With that in mind, I called Regis Mullen, whose unwanted solicitation letters had asked my daughter, in dramatic capitals: ARE YOU AWARE THAT YOU ARE ENTITLED TO MONETARY COMPENSATION? He also has a full-page ad in the Yellow Pages. I wanted to ask him about his views on advertising, appealing to people who may not honestly need his services, like my daughter, who had made it clear from the start that she was not injured. But Mullen refused to talk to me, telling his office manager to inform me that he will do what he thinks is right.

No one is proposing a world without personal injury lawyers, In this city of freeway frenzy someone has to make sure that the insurance companies cover our assets. Now that tailgating is a popular pastime and the two-second rule has come to be interpreted as, “two-seconds and you’re dead if you don’t get out of my way,” we must have someone to represent us.

Wallace Craig says that without contingency lawyers, people without money could not afford justice. Granted. But does anyone deny the common-sense assumption that lawyer solicitations help spur the number of frivolous and fraudulent claims?

Of the dozens of lawyers interviewed, most estimated that whiplash or neck sprain accounted for 75 to 95 percent of their clients’ injuries. These injuries cannot usually be detected on X-ray, MRI, or CT scans, A doctor can’t usually prove you don’t hurt, if you say you do. Still, the status quo has its defenders.

“The one thing that’s pretty clear is that you can’t regulate taste and dignity. The citizens of this country have to do that for themselves,” says Dallas attorney Charles L. “Chip” Babcock. He challenged the new advertising and solicitation rules in Texans Against Censorship Inc., et al, v. The State Bar of Texas, et al. The suit was not successful. But Babcock doesn’t believe that the rules governing advertisements for lawyers need to be changed. “It’s appropriate to have a rule that lawyers should not advertise in a false or misleading way, but we had that rule, and there was not much of a problem. We had no prosecutions with it. But the Bar is taking it quite a bit farther than that,” he says.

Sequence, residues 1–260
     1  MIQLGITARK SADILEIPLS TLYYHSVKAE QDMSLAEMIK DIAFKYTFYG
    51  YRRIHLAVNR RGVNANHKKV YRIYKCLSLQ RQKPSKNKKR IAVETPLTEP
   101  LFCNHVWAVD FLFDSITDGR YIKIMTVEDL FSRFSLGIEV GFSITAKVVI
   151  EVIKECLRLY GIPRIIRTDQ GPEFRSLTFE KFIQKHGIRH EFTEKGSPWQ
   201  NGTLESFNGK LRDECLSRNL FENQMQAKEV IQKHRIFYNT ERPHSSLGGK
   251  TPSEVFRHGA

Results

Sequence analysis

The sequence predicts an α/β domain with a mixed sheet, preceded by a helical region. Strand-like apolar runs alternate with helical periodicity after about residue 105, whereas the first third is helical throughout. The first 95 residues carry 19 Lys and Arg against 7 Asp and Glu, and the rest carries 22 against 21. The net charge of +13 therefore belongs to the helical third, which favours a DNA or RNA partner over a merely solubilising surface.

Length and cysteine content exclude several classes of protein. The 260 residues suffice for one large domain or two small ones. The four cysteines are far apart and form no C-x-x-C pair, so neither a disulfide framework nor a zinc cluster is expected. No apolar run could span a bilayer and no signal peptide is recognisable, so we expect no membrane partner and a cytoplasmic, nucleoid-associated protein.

Even attorney Jim Branton, a premier supporter of the new rules regulating lawyers’ advertising, doesn’t admit that the ads are enticements or bait, as any other type of advertisement surely is. He says, “If someone’s inclined to lie about injury then I think they’ll do it whether they got a letter or saw an advertisement or not.”

Dallas trial lawyer Mark Elliston, on the other hand, thinks the new guidelines don’t go far enough in restricting advertising. “I’m very much opposed to it,” he says of advertising and the tactics some attorneys employ to solicit clients. “I think the manner in which they advertise is ruining the dignity of our profession.”

Until the lawyers and plaintiffs stop looking at accidents as a chance to bring home the bank, dignity may be in short supply. Under our current system, clients are apt to want their booby prize when things go crash and lawyers come calling. So court is in session. It’s Dignity v. Advertising. But the jury’s out. And it may be years before we hear the verdict.